SALEM — A potential sea of red ink facing the state budget will evaporate, leaving Oregon government most likely in the black, according to official state economists.

Lawmakers arriving earlier this month for the 2018 session of the Legislature were warned by some leaders that they might have to tackle a budget hole of more than $200 million because of the federal tax cuts.

But the quarterly report issued Friday by the Office of Economic Analysis, says the state should receive enough revenue to pay its bills, and could have up to $100 million in annual additional revenue flowing into state coffers in future years.

The economists cautioned that projections are based on normal financial activity — and there may be a new normal. The economy may never return to its pre-2007 recession levels; tax filers will alter their finances to take advantage of the new tax laws, and a volatile stock market could upend expectations.

“Households, firms and tax professionals are all certain to change their behavior in light of the new rules of the game,” according to Friday’s report.

State Economist Mark McMullen said his office won’t have a clear picture of state finances until fall 2019 — after the current and next sessions of the Legislature.

Forecasts are, in part, based on the past and are difficult to predict. With the tax cut, economists are in uncharted territory.

“This is taking it to another level,” said McMullen.

The state’s short-term money needs could receive a boost from a bill unanimously passed by the Senate and working its way through the House. Oregon income tax uses a filer’s federal tax return as the basis for the state tax bite. But Senate Bill 1529 would require companies to pay taxes on money they “repatriate” from overseas tax havens. It could generate about $145 million.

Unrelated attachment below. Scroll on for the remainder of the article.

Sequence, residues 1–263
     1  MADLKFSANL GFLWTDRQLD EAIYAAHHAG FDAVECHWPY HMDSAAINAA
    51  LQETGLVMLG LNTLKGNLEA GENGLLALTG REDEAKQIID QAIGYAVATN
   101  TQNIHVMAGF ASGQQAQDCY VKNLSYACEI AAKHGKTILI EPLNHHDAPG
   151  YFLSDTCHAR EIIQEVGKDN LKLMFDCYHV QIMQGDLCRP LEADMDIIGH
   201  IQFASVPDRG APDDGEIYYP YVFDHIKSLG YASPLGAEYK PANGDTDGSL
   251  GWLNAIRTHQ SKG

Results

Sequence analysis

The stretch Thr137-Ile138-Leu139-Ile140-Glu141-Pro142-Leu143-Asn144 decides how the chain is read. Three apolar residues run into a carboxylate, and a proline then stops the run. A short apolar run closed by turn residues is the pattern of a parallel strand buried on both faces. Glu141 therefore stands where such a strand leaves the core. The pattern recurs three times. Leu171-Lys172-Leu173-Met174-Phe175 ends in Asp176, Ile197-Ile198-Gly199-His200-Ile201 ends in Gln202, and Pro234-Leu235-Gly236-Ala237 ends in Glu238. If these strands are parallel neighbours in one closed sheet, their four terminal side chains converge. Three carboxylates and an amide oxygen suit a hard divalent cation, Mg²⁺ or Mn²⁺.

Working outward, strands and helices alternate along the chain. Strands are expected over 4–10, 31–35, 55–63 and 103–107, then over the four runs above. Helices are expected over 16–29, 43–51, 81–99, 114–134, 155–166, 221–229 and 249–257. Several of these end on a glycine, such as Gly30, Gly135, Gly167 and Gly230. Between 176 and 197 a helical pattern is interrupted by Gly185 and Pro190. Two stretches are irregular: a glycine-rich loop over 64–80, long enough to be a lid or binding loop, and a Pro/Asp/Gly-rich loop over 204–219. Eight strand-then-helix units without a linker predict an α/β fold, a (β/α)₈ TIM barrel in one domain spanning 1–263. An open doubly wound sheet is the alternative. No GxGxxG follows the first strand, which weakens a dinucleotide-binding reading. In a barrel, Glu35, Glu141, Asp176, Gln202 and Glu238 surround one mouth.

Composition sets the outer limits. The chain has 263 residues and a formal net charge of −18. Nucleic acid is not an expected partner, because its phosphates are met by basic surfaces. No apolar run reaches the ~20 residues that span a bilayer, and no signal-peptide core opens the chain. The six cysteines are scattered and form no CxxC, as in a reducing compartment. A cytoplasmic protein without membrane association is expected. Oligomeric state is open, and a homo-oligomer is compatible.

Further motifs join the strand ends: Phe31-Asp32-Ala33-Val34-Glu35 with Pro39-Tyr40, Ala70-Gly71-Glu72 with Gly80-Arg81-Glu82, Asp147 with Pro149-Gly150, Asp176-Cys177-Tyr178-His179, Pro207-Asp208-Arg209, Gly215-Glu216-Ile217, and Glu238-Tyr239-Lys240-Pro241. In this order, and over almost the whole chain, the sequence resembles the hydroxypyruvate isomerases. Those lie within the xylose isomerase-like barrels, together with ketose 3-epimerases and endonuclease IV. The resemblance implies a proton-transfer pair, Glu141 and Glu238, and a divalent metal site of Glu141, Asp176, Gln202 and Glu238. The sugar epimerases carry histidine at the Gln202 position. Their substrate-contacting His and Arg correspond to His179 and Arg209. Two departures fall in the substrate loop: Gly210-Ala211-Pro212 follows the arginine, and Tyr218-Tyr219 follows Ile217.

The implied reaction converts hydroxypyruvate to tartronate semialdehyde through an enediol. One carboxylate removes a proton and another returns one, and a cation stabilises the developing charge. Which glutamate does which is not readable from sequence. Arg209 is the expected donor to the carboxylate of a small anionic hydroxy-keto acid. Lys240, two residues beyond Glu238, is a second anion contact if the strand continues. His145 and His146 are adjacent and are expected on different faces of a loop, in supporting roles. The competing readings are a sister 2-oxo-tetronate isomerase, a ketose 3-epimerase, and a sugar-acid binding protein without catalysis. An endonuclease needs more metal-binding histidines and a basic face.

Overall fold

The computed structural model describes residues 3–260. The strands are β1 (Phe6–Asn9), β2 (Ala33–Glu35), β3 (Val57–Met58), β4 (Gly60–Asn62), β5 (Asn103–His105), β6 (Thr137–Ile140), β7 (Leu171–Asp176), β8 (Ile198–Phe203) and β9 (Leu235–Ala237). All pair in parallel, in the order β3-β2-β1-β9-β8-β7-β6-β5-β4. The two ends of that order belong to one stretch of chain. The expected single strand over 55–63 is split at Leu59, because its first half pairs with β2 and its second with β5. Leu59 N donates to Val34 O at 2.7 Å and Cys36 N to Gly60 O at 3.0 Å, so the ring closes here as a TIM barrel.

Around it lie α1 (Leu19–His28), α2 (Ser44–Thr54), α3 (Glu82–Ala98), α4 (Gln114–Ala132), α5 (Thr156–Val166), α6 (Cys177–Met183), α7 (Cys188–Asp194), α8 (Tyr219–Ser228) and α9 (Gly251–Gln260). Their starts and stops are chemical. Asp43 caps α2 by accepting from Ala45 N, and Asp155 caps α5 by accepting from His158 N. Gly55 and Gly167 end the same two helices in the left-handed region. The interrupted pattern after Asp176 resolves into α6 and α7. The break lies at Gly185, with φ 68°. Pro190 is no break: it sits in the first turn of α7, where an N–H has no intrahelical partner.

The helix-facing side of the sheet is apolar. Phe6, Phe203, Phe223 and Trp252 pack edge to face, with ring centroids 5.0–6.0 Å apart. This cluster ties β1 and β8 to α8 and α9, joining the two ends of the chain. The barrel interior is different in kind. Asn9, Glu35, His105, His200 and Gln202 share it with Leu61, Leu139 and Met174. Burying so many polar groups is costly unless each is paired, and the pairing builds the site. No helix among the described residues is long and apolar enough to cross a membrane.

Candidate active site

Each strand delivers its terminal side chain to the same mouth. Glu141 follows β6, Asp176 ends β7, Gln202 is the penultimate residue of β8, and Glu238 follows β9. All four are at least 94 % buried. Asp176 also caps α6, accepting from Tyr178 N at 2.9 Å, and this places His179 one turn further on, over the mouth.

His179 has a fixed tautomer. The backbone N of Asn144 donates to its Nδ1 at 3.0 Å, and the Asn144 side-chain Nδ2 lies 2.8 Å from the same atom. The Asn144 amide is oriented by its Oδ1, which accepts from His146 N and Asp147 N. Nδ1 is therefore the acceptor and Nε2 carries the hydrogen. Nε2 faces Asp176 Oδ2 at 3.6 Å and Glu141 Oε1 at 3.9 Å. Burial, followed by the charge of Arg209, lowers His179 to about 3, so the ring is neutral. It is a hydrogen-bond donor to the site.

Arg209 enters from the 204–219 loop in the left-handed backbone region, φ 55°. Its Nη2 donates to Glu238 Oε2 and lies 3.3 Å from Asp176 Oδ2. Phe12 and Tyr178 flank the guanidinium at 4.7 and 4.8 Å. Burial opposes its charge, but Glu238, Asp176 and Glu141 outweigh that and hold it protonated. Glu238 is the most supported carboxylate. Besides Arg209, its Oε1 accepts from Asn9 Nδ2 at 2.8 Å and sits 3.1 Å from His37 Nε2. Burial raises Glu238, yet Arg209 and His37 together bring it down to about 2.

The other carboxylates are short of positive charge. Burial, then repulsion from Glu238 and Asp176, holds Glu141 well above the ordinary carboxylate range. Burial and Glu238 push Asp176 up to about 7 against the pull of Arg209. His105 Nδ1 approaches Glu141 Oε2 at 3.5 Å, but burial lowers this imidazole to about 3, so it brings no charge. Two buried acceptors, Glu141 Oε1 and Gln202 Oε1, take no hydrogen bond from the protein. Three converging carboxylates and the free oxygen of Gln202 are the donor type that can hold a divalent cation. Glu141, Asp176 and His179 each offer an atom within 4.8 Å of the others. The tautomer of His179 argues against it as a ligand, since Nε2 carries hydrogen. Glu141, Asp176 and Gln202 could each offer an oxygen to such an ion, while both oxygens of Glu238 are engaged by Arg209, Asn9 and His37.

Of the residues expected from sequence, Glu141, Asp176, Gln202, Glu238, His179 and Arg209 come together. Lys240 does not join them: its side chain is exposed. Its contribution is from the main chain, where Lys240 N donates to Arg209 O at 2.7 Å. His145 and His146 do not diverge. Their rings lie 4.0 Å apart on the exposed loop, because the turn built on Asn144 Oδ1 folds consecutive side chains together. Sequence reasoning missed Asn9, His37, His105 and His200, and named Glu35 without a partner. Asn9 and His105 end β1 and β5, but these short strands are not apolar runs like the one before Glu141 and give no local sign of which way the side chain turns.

With the forecast predicting a sunnier short-term forecast for state revenues, Gov. Kate Brown suggested Friday that lawmakers rethink a bill to close what some say is a loophole in state tax law that allows partnerships and small businesses to take advantage of a tax break originally meant to entice large corporations to keep their operations in Oregon.

“I believe we must protect small businesses, the engine of our economic growth,” Brown said.

Senate Republican Leader Jackie Winters, R-Salem,who in the past has supported some Democratic tax bills, appeared to pour cold water on any new taxes this year.

“This revenue forecast shows that Oregon’s economy continues to prosper, eliminating the need for any new revenue package during this 35-day short session,” she said. “Providing tax relief for small business and taxpaying Oregonians, while growing Oregon’s economy, is our priority.”

Democrats are one vote short in the House and Senate from a supermajority that would allow them to pass taxes or other revenue bills without Republican help.

Senate Majority Leader Ginny Burdick, D-Portland, said the uncertainty of the projections was troubling.

“I continue to have concerns about how the federal tax changes will affect our state’s revenues over time,” Burdick said. “While the anticipated growth is good news, I don’t believe it will last. We should chart our own course by detaching from the federal tax code in key areas. That will protect the middle class and low-income Oregonians.”

Overall, Oregon’s economy continues to “hit the sweet spot” between growth and inflation, according to the report.

Job growth is keeping pace with population gains. Wages are rising faster than in most states, as are household incomes. But both are lagging projections made last fall by state forecasters.

— Reporter: 541-525-5280,